The opera was Puccini’s Tosca, produced by The Israel National Opera in their home theater, which had once been the Israeli Parliament (the “Knesset”) building. The opera house was sandwiched between the beach and Tel Aviv’s Red Light District. From 1978 – 1982, I was one of the company’s leading sopranos. During that time, I broadened my repertoire, got great reviews in both local and international publications and made friends with a lot of people, including some of our immediate neighbors in the Red Light District. Most of them were male transvestites. (They were better dressed than I was and they probably made more money.) I was nice to them, which was wise. They got rough with anyone who disrespected them, from customers to bratty teenagers. I respected them, and they liked me.
All of that has nothing to do with the story I am going to tell. I just thought you’d find it interesting.
Okay. So the performance of Puccini’s Tosca went without a hitch almost to the end. I was not in this performance. I shared the leading role with another soprano, a Romanian woman. She was singing that night, and I was watching from behind the last row of the orchestra section of the house.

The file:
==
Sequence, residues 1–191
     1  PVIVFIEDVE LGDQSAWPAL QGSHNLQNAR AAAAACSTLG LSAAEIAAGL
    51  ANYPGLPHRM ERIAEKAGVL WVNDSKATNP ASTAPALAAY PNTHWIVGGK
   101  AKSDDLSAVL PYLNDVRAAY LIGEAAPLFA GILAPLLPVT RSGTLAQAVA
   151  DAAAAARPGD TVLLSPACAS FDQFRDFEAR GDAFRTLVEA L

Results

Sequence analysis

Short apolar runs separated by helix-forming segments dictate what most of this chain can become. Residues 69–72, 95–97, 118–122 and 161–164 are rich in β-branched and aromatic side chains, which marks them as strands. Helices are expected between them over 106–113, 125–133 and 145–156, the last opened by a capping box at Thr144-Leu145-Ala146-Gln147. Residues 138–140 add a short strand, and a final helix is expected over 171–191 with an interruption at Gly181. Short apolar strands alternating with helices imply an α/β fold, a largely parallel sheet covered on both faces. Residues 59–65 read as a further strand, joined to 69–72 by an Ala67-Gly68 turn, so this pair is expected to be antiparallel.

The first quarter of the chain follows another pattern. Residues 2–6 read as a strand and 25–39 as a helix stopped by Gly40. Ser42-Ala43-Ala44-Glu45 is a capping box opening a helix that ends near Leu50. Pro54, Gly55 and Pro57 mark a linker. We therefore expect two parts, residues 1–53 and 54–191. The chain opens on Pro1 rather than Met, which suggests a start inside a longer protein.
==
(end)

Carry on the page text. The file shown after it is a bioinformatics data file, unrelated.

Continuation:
Somebody dies in most operas, but in Puccini’s Tosca all three of the leading characters bite the dust. The tenor gets his comeuppance via firing squad, just before the end of the opera. This requires precise timing and sound effects. In our case, the sound effects were provided by a little old guy named Milo, who stood backstage with a pistol loaded with blank bullets. He would shoot it at the right time, the tenor would fall down, the “firing squad” (a few chorus guys, equipped with old, plugged-up rifles) would leave the stage and the opera would continue to its end. Simple, right?
On this fateful night, Milo’s gun failed to go off.
Maestro Tarski, the conductor, held the orchestra on a drum roll, waiting for the shot.
Milo kept trying to shoot the gun, which still failed to go off.
Maestro Tarski held the drum roll some more.
Milo, who was determined to shoot that damned gun, kept trying.
Maestro Tarski and the tenor could not see Milo, and Milo could not see them. Nobody knew what anyone else was doing.
Maestro Tarski finally shrugged his shoulders, figuring there would be no gun that evening, and gave a signal to the tenor. The tenor gave his usual realistic depiction of a man being shot to death. The “firing squad” began to file offstage.
Milo’s gun went off.
The audience, which, up until then, had been absorbed in the tragic story, fell apart laughing.
It can only happen in opera.